700 Children's® – A Blog by Pediatric Experts

Pride Month from the Parent Perspective

Jun 09, 2021
family of four

As the parents of a transgender teenager, we look forward to June as a time to celebrate with our daughter and pay honor to the history of the LGBTQ movement. We also like to share what we’ve learned in the hopes of supporting other parents. 

When they were younger, we were often asked how we knew whether our child’s identification as a girl was just a phase? It was clear that when our child was acting like Dora the Explorer, they were playing. We all know how fun it is for kids to play dress up and act like their favorite characters. 

But when our child consistently asked when they would be a girl, and this didn’t go away over time like their favorite characters did, that was a big clue. There was also an intensity when they told us they were a girl that was very different from play-acting. We know now that a lot of children are very consistent, persistent, and insistent that they are a different gender. 

Another concern we heard was whether we were doing more harm by accepting our child as a girl. We were worried about that too and spent a lot of time talking to medical professionals who worked with families like ours. We could see that telling our child that they were a boy was causing more distress, more sadness, and more anxiety. 

By choosing to accept our child for who they were telling us they were, it reassured them that we heard their concerns and loved them no matter what. Our child’s distress, sadness, and anxiety improved dramatically when we accepted that we had a daughter instead of a son.

We also got a lot of questions about medical decisions. Prior to puberty, those decisions were allowing our child to wear clothing that made her feel good about herself and honoring her request to use female pronouns. Our daughter liked her name and didn’t want to change it, but many children do want a different name. It is so important to support them by using the name and pronouns they want and asking others to do the same. 

After puberty, medical decisions are made with your healthcare team, such as the professionals of the THRIVE Program at Nationwide Children’s Hospital, who can help you and your child navigate the options that support their physical, mental, and emotional health. For us, that included medication to halt her puberty from progressing to ensure that this was the path that was right for her. It gave our family and our healthcare team time to ensure that further steps kept our daughter safe and supported her healthcare goals. Later, and after much consultation with our healthcare team, it also included medication that affirmed her gender identity as a female.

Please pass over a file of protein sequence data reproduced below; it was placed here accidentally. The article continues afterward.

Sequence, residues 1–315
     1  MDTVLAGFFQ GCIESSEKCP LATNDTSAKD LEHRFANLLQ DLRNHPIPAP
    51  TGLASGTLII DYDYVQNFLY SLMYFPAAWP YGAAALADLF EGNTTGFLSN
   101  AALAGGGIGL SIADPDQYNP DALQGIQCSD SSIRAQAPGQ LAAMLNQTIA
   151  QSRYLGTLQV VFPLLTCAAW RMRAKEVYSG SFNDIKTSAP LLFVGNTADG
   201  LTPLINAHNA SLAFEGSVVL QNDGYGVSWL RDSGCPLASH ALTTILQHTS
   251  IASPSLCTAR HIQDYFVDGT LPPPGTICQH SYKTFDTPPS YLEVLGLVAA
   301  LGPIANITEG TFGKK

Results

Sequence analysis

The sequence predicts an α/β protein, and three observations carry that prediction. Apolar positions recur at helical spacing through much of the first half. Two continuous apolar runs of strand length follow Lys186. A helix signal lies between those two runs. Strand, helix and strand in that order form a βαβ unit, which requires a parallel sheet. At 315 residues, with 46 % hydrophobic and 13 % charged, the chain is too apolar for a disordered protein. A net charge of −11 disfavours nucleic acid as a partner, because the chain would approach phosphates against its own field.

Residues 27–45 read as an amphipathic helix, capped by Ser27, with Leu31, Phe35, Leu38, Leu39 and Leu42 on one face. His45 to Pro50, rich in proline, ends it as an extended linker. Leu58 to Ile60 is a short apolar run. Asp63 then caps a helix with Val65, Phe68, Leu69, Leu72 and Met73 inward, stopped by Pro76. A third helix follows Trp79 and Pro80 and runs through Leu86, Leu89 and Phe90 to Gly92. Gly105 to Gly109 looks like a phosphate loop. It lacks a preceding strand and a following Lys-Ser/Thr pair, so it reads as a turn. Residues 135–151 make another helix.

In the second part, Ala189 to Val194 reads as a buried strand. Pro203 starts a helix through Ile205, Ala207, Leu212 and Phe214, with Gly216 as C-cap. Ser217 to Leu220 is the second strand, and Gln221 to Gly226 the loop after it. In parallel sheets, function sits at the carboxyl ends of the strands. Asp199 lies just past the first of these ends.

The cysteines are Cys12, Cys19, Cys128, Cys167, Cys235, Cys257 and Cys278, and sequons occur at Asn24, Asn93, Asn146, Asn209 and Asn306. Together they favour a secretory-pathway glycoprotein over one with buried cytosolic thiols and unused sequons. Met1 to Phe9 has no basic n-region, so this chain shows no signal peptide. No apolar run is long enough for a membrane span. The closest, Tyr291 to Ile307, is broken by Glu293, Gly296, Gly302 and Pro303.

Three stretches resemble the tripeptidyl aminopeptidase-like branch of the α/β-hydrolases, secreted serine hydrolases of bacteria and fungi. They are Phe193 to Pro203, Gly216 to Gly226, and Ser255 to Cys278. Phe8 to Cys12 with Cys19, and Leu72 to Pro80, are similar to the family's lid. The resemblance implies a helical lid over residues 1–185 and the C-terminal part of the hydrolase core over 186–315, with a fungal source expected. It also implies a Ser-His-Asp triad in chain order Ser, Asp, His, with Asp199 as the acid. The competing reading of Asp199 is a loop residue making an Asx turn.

At the beginning, it felt like every conversation was about gender and we felt scared and unsure of the best way forward. We didn’t want to make the wrong decision and hurt our child. We were afraid of how the rest of the world would treat her too. By working with the THRIVE program team, our family was able to learn how to support our daughter and her needs. We look like every other family whose biggest concerns are dominated by homework, too much time on electronics and chores. 

We would encourage all parents and caregivers to love your child for who they are. It takes a lot of courage to overcome the social cues that put girls and boys into distinct categories. If your child tells you that they are a different gender, or don’t feel connected to any gender, it is because they need you to hear them, support them, and reassure them that you love them no matter what.

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Pediatric News You Can Use From America’s Largest Pediatric Hospital and Research Center

700 Children’s® features the most current pediatric health care information and research from our pediatric experts – physicians and specialists who have seen it all. Many of them are parents and bring a special understanding to what our patients and families experience. If you have a child – or care for a child – 700 Children’s was created especially for you.